T.S. Nichols — THE MEMORY DETECTIVE        
Alan Orloff — PRAY FOR THE INNOCENT           

 

Please visit http://thrillerwriters.org/thriller-awards/ for Best YA novels and Best Short Story nominees. The winners were announced at ThrillerFest XIV on July 13, 2019 in New York City.

 

 

Congratulations to all!      🙂 
 

 

“Defending Jacob” by William Landay

 

 

“Defending Jacob,” features Andrew Barber as an Assistant DA, with a 22 year stint as part of the District Attorney’s office. A few days after his son’s classmate is stabbed to death, Barber is barred from the case and given a leave of absence from work.
 

His son is accused of the terrible crime, but Barber knows in his bones that Jacob could not have done it. When a devastating secret is uncovered during the investigation into the boy’s death, we realize that Barber may be alone in that belief. Despite incredible pressure from everyone he knows, as well as additional evidence to the contrary, he never stops declaring his son’s innocence.
 

“Defending Jacob” explores family relationships as they evolve in the aftermath of horrific events. This absorbing psychological courtroom drama deftly captures the doubts and the pointing fingers as members of the community seek to find answers for this senseless stabbing/killing. What parenting lack created this apparently crazed teenager living amongst them? Or was it a flaw in the child himself? If ‘x’ can kill, how certain can we be that someone else might not be capable of the same act? “Defending Jacob” was published in 2012, but the story could be ripped from the headlines today.
 

Landay, a former DA himself, posits a few theories to explain the multi-faceted plot lines and has several characters explore the possibility of a murder gene – that murder can be committed because of a hereditary predisposition. Modern psychological profiling indicates that the level of violence in our backgrounds most likely informs our future actions, but is there an actual gene? And, in my opinion, most disturbing of all: Does law enforcement really pick a suspect and then go after evidence to support that theory, no matter how far a stretch from the truth?
 

The ending left me stunned, contemplating which character was, in the end, most damaged. I may never resolve that in my mind. This was a riveting read from start to finish and beyond.
 

“Defending Jacob” won the Strand Critics Award, and a movie based on the book may be released this year.  Please visit www.williamlanday.com for information about Landay’s other books.

 

*Note: contains sporadic swearing/coarse language.

 

Pulitzer Prize – 2017

 

PulitzerPrizeMedal

The Pulitzer Prize is an award given for work published the previous year in newspaper, magazine and online journalism, literature, and the arts in the United States. Joseph Pulitzer, an innovative newspaper publisher, endowed Columbia University in New York City with $2 million in his 1904 will. Columbia was to create the School of Journalism, as well as scholarships and prizes to promote excellence in certain fields. The intent of the gift was “for the encouragement of public service, public morals, American literature, and the advancement of education."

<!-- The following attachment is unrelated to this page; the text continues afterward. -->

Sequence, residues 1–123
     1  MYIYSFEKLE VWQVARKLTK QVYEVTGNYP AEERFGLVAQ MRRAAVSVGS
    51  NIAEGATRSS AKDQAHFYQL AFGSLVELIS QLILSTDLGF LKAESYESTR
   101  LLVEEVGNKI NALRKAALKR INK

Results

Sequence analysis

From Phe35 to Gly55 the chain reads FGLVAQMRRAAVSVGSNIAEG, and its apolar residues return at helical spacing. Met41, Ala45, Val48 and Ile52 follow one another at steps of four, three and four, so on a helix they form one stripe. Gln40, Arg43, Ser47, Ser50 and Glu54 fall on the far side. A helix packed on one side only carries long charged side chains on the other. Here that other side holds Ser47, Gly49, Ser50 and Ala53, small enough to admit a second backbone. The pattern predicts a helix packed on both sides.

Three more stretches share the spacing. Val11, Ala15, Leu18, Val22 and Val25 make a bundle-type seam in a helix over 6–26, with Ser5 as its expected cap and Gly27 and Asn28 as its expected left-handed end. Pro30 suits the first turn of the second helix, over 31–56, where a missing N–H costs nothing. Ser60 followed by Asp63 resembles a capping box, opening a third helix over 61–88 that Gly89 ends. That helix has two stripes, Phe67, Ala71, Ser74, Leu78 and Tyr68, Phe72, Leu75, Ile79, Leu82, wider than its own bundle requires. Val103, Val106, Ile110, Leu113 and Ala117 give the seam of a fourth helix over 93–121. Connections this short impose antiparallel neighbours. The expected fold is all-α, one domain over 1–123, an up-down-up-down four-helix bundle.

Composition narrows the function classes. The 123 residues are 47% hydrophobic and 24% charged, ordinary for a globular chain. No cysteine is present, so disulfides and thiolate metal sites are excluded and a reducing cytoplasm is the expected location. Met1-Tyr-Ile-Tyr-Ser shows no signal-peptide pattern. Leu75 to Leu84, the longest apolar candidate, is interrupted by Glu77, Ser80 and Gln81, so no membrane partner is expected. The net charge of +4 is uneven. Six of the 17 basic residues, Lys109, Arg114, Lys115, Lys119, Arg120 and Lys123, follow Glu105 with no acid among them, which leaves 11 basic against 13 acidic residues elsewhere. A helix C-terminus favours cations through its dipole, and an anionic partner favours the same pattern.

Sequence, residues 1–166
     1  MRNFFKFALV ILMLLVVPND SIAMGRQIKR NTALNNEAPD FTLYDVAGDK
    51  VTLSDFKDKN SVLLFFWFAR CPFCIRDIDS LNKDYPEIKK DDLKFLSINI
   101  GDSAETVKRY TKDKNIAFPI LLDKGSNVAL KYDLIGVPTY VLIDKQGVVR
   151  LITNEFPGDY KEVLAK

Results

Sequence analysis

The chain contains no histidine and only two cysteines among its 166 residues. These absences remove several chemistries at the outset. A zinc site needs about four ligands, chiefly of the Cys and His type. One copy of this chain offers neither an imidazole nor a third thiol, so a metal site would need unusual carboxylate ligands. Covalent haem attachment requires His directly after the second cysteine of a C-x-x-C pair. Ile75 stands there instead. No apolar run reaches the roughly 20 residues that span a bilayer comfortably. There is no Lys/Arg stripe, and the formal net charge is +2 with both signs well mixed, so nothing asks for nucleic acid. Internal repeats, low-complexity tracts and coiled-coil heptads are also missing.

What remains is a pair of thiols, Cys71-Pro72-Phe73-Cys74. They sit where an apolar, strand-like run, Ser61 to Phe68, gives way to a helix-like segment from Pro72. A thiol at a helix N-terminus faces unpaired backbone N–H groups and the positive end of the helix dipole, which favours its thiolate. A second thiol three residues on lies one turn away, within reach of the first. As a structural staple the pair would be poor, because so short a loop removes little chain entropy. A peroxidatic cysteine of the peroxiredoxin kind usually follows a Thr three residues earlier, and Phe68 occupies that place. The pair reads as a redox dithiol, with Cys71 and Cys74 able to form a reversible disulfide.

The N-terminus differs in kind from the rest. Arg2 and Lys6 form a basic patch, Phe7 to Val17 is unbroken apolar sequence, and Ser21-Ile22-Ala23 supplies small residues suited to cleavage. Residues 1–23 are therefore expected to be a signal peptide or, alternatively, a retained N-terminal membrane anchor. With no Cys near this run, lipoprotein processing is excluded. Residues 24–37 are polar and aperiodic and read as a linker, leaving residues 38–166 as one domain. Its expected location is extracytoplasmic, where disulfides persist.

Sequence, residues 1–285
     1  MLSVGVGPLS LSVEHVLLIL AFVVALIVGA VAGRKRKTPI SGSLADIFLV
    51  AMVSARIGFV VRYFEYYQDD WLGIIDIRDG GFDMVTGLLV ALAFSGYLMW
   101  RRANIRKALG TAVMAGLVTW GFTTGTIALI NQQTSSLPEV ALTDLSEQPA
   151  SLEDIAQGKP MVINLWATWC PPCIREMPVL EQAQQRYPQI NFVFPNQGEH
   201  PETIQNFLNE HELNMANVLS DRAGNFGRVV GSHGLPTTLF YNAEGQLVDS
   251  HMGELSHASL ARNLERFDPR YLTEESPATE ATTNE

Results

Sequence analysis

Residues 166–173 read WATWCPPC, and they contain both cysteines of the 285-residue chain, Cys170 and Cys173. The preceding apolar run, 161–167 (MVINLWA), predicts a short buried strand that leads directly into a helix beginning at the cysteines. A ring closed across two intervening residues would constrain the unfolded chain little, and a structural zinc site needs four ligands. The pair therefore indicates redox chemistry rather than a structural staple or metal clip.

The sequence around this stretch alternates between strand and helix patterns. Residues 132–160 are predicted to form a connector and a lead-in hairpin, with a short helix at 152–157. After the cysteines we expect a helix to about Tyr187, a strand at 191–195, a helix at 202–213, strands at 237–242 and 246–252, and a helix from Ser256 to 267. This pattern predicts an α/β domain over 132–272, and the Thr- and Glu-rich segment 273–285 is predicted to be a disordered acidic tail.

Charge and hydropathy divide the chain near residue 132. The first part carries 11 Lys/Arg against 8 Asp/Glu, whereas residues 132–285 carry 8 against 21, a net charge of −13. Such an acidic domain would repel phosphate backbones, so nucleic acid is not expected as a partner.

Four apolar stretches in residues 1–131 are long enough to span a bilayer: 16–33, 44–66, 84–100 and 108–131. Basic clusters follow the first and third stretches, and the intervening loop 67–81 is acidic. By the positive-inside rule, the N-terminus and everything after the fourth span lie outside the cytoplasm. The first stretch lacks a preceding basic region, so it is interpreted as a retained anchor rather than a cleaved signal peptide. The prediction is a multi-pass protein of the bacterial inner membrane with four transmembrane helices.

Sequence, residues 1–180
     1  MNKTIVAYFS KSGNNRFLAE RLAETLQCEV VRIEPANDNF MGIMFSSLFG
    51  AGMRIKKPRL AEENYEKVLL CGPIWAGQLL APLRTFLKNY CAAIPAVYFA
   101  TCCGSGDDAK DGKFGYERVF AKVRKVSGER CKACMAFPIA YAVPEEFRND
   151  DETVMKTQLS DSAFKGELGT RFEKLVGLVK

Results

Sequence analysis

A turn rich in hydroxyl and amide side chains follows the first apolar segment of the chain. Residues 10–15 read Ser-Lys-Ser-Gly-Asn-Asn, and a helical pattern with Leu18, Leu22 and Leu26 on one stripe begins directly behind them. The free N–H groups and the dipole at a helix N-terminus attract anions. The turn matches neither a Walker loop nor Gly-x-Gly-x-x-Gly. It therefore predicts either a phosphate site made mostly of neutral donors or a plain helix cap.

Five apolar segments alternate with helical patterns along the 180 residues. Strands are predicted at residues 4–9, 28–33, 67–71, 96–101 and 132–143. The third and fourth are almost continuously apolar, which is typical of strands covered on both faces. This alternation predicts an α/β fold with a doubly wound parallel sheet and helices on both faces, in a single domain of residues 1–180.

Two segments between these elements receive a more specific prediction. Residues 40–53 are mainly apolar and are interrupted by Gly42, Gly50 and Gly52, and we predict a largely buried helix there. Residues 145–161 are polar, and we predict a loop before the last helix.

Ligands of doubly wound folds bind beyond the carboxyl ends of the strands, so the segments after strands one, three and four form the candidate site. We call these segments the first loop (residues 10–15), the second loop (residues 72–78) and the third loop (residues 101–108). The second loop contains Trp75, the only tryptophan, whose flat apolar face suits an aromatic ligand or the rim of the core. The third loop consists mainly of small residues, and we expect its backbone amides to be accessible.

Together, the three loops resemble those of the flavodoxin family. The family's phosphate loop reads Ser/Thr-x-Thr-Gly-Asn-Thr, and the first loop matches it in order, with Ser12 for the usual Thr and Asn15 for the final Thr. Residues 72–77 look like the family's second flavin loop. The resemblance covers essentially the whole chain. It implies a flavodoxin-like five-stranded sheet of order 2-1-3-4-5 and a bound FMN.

The President of Columbia has the honor of presenting the yearly awards selected by the Pulitzer Prize board. Pulitzer has evolved over the decades and an expanded prize list now also includes the digital age. The judging is rigorous and to win is considered by many to be the pinnacle in a career.

Click on the titles to read more about each of the books.
 

Fiction 2017

Presented for distinguished fiction published in book form during the previous year by an American author, preferably dealing with American life. Fifteen thousand dollars ($15,000).
 

The Underground Railroad, by Colson Whitehead (Doubleday)

"For a smart melding of realism and allegory that combines the violence of slavery and the drama of escape in a myth that speaks to contemporary America."

Other finalists:

Imagine Me Gone, by Adam Haslett (Little, Brown)

The Sport of Kings, by C. E. Morgan (Farrar, Straus and Giroux)

 

General Nonfiction 2017

For a distinguished and appropriately documented book of nonfiction by an American author that is not eligible for consideration in any other category. Fifteen thousand dollars ($15,000).
 

Evicted: Poverty and Profit in the American City, by Matthew Desmond (Crown)

"For a deeply researched exposé that showed how mass evictions after the 2008 economic crash were less a consequence than a cause of poverty."

Other finalists:

In a Different Key: The Story of Autism, by John Donvan and Caren Zucker (Crown)

The Politics of Mourning: Death and Honor in Arlington National Cemetery, by Micki McElya (Harvard University Press)

 

Congratulations to all for this wonderful achievement.  🙂

 

Please visit www.pulitzer.org for more information and for the list of prizewinners in other disciplines.

 

The Man Booker Prize International – 2017

 

ManBookerLogo

Famous for its celebration of global fiction, this year’s Man Booker International Prize  competition was among the 13 titles in the longlist below. The £50,000 prize is divided equally between the author of the winning book and its translator. Previously, the prize had been given every other year to an author for an entire body of work. The new version of the Man Book International Prize acknowledges the importance of the quality of a translation in a global publication and is now given annually. The books must have been translated into English and published in the UK.
 

The six titles in the short list group are listed in bold type. The winner is indicated in red.

Click on the book titles to discover more information about the books.
 

Mathias Enard        "Compass"                                     

Translated by Charlotte Mandell
 


Wioletta Greg            "Swallowing Mercury"                 

Translated by Eliza Marciniak

 

David Grossman    "A Horse Walks Into a Bar"